After things had settled, Marissa and Andrea sat down to discuss all that has occurred. In this conversation, Andrea once again says she needs more support to do her job well. Marissa again asks for clarification on whether she has felt supported and if she understands the aspects of her job that others have covered for her. Andrea acknowledges that she has felt very supported. This time instead of responding to a tactic* of projection and diversion, Marissa responds by reminding Andrea of how she has been supported, providing specific details of that support, she reminders her of the job description and how Andrea assured her that she said she could rise to those expectations. Marissa finishes by saying that as a manager and leader part of her job is not only initial training support, but to recognize those who do their jobs well by offering further professional development. Since Andrea hadn’t mastered her job yet, even with ample support, it was now time to earn that support and trust, of management and her team, by showing people that she could do the job she was hired to do – and do it well, so it serves to benefit the team and the customers.

From that conversation forward, Marissa noted some positive changes in Andrea and overall improvements in the day-to-day operations of the team. Marissa relinquished all of Andrea’s responsibilities to her, while remaining supportive when she needed guidance. In a few instances when Andrea came to Marissa and said she needed help getting things done, Marissa offered to answer her questions and make suggestions, but also made it clear that she would not take over the task.

 

Here’s what Marissa learned:

For a manager to invest more, they must see that the employee is first meeting, and hopefully exceeding, the basic requirements. To know they are ready for further development, we must see the employee managing his/her time in such a way that it enables them to take on more growth and responsibility, not just dump more on their plate.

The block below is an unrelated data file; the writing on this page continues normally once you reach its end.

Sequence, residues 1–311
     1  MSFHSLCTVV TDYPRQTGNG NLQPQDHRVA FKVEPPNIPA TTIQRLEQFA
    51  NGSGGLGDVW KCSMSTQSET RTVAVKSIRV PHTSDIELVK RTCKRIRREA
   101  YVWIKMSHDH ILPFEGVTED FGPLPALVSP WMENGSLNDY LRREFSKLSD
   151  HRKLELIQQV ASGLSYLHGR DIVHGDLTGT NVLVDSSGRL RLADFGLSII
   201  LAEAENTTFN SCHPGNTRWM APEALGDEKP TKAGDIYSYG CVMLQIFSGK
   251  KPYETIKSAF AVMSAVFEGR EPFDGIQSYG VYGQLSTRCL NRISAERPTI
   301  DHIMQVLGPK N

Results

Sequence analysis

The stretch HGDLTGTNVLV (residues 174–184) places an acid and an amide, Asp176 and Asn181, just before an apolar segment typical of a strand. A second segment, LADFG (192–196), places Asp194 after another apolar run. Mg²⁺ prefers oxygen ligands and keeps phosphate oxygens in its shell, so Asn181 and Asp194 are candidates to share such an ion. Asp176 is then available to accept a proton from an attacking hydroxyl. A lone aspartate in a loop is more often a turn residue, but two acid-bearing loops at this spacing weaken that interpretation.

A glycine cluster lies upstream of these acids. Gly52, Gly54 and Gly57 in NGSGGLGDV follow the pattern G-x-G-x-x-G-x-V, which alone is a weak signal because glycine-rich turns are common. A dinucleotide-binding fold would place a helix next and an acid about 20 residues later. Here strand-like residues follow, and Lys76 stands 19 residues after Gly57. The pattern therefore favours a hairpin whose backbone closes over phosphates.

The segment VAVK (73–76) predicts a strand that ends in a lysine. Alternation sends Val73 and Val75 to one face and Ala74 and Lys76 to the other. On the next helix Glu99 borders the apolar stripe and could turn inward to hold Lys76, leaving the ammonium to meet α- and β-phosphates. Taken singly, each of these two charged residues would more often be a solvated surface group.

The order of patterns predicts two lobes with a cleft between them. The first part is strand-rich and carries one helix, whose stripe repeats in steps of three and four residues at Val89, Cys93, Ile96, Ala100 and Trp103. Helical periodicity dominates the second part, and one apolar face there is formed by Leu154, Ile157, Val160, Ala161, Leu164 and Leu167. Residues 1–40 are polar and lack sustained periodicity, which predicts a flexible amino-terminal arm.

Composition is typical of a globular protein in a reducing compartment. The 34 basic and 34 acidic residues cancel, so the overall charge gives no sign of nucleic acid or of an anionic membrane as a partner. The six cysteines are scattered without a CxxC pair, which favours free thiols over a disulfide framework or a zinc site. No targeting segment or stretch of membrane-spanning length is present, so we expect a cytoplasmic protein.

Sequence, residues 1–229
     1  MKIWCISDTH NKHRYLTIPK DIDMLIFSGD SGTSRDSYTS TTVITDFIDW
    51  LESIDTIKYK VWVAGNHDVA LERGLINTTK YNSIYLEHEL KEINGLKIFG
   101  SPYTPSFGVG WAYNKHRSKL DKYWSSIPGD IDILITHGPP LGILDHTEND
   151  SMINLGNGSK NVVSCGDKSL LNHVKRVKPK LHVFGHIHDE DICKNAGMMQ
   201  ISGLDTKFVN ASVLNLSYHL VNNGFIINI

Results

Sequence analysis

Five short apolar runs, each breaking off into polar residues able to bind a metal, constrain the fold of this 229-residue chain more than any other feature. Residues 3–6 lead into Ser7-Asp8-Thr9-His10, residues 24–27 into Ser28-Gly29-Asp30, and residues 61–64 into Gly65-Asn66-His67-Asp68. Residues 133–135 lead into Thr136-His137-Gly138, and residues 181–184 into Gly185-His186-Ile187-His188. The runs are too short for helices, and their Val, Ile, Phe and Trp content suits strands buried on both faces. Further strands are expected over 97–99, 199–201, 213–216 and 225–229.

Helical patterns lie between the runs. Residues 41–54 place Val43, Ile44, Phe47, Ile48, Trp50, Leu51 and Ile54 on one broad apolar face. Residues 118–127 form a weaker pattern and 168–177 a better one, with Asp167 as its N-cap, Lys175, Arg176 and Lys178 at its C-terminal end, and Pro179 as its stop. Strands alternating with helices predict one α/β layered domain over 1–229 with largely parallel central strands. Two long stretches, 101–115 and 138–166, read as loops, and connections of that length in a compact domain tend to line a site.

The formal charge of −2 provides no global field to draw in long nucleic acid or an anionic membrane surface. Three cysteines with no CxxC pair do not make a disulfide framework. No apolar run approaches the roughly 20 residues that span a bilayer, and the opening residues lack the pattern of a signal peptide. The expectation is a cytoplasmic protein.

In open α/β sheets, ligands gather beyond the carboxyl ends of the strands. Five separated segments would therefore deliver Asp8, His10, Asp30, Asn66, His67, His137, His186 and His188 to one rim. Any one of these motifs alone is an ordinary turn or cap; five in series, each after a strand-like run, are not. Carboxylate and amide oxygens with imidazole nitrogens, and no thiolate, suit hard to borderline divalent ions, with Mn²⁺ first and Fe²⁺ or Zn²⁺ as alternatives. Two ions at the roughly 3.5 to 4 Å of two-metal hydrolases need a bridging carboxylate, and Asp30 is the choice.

If the opposite is true, even though substantial support has been given, then it comes down to that seemingly uncomfortable conversation on expectations, responsibility, and accountability. It is now the employee’s monkey and burden to bear and repair, as the expectation have been made clear.

Now, this is not to say that we state what is expected and then ignore them until they fail or succeed. We check in, we communicate, we place our faith in their ability, we watch for struggle and then we revisit as needed. We don’t just manage to get through each day and hope for the best, we lead them to be better by being clear.

*It should be noted that if someone says I need A in order to do B, and A has not been provided, this is a perfectly reasonable statement and request of professional support. However, if A has been provided, and that person acknowledges it has been provided, then this statement can be perceived as a manipulative tactic of projecting blame on others (playing off their empathy) or diversion to avoid taking ownership of the problem and to shift the responsibility for the needed change.

What would you have done in this situation? Marissa had initial reservations about Andrea’s ability to take on the role, in this case is hindsight truly 20-20? Or, are the initial hesitations unrelated?


Suggested books on this topic

The One Minute Manager Meets the Monkey

Authors: Ken Blanchard , William Oncken Jr. , Hal Burrows 

Price 8.00-15.00

Reviews: 4.5/5 stars

Buy on Amazon Now!

Shifting the Monkey – The Art of Protecting Good People From Liars, Criers, and Other Slackers

Author: Todd Whitaker

Price 10.00-14.00

Reviews: 4.5/5 stars

Buy on Amazon Now!


About the Author

Gwendolyn is a lover of travel and culture, having visited over 13 countries and having lived most of her adult life in Europe and Asia – where she explored, learned, and fell in love.

In her professional career she has worn the hat of director in International Education, professor, trainer, strategist and fundraiser for nonprofits. Most recently she started lifeinherent.com and co-founded Laifeu LLC.



* The scenarios presented in this series are not meant to represent any specific person(s). They are real situations, though the names are fictional, and are intended to help us better relate to the problem and learn how to lead ourselves and others through like issues.

The concept and reference to ‘monkeys’ comes from the Harvard Business Review writings of William Oncken Jr., and Donald Wass (HBR, 1974). The concept was then covered by multiple writers as mentioned in the suggested texts. The term and use of the term Monkeys is never as reference to people or individuals, the monkeys are the issues, problems, and burdens created.